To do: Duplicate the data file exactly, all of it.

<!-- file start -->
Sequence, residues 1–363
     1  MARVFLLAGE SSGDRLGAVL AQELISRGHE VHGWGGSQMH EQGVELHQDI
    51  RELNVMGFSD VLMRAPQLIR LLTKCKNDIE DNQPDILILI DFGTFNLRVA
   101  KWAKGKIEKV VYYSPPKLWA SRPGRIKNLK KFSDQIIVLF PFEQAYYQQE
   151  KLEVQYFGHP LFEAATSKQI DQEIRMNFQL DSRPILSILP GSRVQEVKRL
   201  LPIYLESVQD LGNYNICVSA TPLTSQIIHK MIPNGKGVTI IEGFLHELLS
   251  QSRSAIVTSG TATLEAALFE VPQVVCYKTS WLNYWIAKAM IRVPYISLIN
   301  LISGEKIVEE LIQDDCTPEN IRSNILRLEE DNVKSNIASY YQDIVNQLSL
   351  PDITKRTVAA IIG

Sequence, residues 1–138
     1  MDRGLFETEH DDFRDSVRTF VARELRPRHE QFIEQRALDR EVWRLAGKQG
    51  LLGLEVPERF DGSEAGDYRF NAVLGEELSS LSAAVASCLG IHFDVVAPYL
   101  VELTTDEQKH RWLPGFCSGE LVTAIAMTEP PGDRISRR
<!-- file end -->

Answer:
Sequence, residues 1–363
     1  MARVFLLAGE SSGDRLGAVL AQELISRGHE VHGWGGSQMH EQGVELHQDI
    51  RELNVMGFSD VLMRAPQLIR LLTKCKNDIE DNQPDILILI DFGTFNLRVA
   101  KWAKGKIEKV VYYSPPKLWA SRPGRIKNLK KFSDQIIVLF PFEQAYYQQE
   151  KLEVQYFGHP LFEAATSKQI DQEIRMNFQL DSRPILSILP GSRVQEVKRL
   201  LPIYLESVQD LGNYNICVSA TPLTSQIIHK MIPNGKGVTI IEGFLHELLS
   251  QSRSAIVTSG TATLEAALFE VPQVVCYKTS WLNYWIAKAM IRVPYISLIN
   301  LISGEKIVEE LIQDDCTPEN IRSNILRLEE DNVKSNIASY YQDIVNQLSL
   351  PDITKRTVAA IIG

Sequence, residues 1–138
     1  MDRGLFETEH DDFRDSVRTF VARELRPRHE QFIEQRALDR EVWRLAGKQG
    51  LLGLEVPERF DGSEAGDYRF NAVLGEELSS LSAAVASCLG IHFDVVAPYL
   101  VELTTDEQKH RWLPGFCSGE LVTAIAMTEP PGDRISRR